Although there are still gaps in our medical knowledge about vitiligo, dermatologists are slowly learning more about the pathogenesis of this complicated disease and finding better and more targeted treatments. Here, Dr. Nada Elbuluk, MD, MSc, FAAD, Clinical Assistant Professor at USC Department of Dermatology as well as director of the USC Skin of Color Center and Pigmentary Disorders Clinic, discusses some of the advances.
1. We Do Know JAK.
“As we understand more about the pathogenesis of vitiligo, we are able to target specific pathways, instead of treating the condition with broader-acting medications. Janus kinase (JAK) inhibitors are showing promise in the treatment of vitiligo. We know that the JAK pathway is involved in the pathogenesis of vitiligo, and we have seen cases of successful repigmentation in several small studies examing oral and topical JAK inhibitors. At this time, no JAK inhibitors are FDA approved for vitiligo, but clinical trials with both topical and oral JAK inhibitors are underway. Vitiligo experts hope that if these trials are successful, JAK inhibitors can be covered by insurance companies as another vitiligo treatment option.”
2. Combinations are king.
“Multi-modal therapy is the best way to treat vitiligo in my opinion. For example, phototherapy in combination with topical steroids and/or immune modulating creams tends to provide better improvements in repigmentation than using those treatments as monotherapies. Similarly, early studies on JAK inhibitors have found them thus far to be more successful in combination with low dose phototherapy.”
3. There’s no one-size-fits-all vitiligo treatment.
“Vitiligo can be more complicated than people realize. There are many subtypes, including segmental vitiligo and non-segmental vitiligo. Non-segmental vitiligo can also include subtypes, such as confetti, trichrome, koebnerizing, and inflammatory vitiligo, all of which can indicate more disease activity and which may require more aggressive therapy.”
4. Vitiligo is more than skin deep.
“Vitiligo can have profound effects on self-esteem and psychological well-being. It’s important to assess where patients are emotionally and psychologically during their visits to better guide treatment decisions. In addition to psychotherapy, support groups can be extremely helpful for vitiligo patients.
“The disease can be very isolating, and talking to others who know how you feel and sharing tips can make a big difference.”
5. Patients may be happier with less.
“Not every patient wants full body treatment for vitiligo. Some may just be bothered by visible patches on exposed areas like the face. An open discussion with patients about their goals for treating their vitiligo and expectations about prognosis can lead to better overall patient experiences. In one study, when doctors were asked what percentage of repigmentation vitiligo patients wanted in order to feel satisfied with their treatment, the doctors’ answers were different than the patients’ signifying physicians and patients may have different definitions of treatment success.”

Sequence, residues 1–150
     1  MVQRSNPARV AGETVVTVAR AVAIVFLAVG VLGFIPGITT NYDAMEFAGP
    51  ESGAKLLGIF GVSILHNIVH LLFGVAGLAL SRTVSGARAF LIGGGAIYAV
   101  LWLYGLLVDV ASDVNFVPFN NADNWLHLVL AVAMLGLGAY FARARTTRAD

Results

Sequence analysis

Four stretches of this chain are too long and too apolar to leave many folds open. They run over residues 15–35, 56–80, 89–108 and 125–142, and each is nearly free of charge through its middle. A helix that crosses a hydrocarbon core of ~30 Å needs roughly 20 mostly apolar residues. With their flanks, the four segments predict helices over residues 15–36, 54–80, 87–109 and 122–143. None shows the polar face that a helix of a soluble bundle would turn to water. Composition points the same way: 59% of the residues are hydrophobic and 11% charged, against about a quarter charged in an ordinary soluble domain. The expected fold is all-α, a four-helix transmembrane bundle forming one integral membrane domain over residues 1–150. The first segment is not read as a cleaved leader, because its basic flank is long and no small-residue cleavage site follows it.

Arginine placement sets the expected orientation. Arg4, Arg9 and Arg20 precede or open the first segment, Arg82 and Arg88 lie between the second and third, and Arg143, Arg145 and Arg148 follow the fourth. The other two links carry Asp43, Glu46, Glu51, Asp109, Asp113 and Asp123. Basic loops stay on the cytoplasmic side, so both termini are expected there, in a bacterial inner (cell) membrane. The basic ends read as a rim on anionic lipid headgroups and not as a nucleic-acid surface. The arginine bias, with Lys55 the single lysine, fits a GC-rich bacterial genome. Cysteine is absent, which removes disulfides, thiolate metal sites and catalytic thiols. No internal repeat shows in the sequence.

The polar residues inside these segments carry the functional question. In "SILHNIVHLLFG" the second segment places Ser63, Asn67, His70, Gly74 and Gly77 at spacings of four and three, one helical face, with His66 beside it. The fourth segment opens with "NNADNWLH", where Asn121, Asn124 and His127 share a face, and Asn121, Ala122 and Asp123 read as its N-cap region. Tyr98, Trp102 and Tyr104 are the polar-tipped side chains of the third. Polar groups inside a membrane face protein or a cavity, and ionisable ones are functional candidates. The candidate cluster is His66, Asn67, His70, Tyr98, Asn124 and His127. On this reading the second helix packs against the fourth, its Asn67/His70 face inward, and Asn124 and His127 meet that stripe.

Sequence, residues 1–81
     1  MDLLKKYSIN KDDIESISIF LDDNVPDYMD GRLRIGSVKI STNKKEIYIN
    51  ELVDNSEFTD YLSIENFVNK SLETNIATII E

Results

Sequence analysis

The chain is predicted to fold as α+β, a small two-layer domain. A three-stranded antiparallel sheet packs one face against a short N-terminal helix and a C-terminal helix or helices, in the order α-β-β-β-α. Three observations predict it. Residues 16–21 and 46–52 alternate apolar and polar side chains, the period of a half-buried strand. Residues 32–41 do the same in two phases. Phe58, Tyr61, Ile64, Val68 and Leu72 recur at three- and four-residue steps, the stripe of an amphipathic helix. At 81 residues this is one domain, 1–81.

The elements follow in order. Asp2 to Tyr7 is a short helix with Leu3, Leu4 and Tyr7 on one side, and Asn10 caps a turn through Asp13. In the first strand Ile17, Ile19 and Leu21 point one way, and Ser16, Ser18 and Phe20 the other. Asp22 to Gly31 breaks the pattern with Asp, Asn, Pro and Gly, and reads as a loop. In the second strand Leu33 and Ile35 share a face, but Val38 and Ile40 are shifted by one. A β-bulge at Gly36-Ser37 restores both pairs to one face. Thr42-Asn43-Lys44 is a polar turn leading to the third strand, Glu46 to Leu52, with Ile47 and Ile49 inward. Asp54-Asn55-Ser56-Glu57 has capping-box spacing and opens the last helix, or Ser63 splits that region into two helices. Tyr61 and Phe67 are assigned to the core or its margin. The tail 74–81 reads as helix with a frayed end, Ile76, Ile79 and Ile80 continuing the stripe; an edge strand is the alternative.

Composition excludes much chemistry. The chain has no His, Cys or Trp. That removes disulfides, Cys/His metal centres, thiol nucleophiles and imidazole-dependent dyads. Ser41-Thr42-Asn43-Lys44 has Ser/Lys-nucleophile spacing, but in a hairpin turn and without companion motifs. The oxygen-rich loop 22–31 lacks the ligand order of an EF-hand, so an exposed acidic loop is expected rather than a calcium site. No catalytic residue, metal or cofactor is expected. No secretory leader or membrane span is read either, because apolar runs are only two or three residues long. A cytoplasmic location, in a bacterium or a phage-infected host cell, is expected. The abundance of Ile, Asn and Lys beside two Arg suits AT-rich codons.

6. Compliance and combination therapy are key.
“If a patient is dissatisfied with the results of treatment, it could be that they didn’t use the therapy long enough to see a result. Some will say ‘I tried X once for two months and didn’t see any improvements.’ They may need to use it longer or be on it with other treatments to see a benefit.”
7. Better surgeries exist.
“Surgical treatment options for vitiligo continue to be modified and improved. A noncultured melanocyte-keratinocyte transplant procedure can provide excellent results for segmental vitiligo or focal areas of nonsegmental vitiligo in patients who have had no change in disease state for at least six months to a year.”
8. Vitamins and supplements are a mixed bag.
“The data is quite limited, but certain antioxidants may help stabilize disease including ginkgo biloba, polypodium leucotomos, khellin, vitamins C and E, and alpha lipoic acid. It’s important to ask patients what supplements they may already be taking and to ensure the supplements don’t interfere with other medications or medical conditions.”
9. The future looks bright.
“There are a host of new targeted therapies and biologic drugs aimed at various pathways involved in psoriasis, and I hope that in the future we will see a similar paradigm in vitiligo. In addition to JAK inhibitors, other new drugs are being studied. For example, amelanotide is an emerging treatment that is a long-lasting synthetic analog of alpha-melanocyte–stimulating hormone (α-MSH). It is delivered as a subcutaneous implant, and the results are promising. When we combine this implant with phototherapy, we have seen positive results. One limitation of this drug, however, may be diffuse darkening of normal skin tone as well.”
10. Insurance coverage for vitiligo treatments is still lacking.
“We still need better insurance coverage for vitiligo treatments. It is really frustrating that we have to battle with insurance companies for vitiligo treatments—even those that are standard therapies that we have been using for years with success. I’d like to see more treatments with FDA approval and insurance coverage.”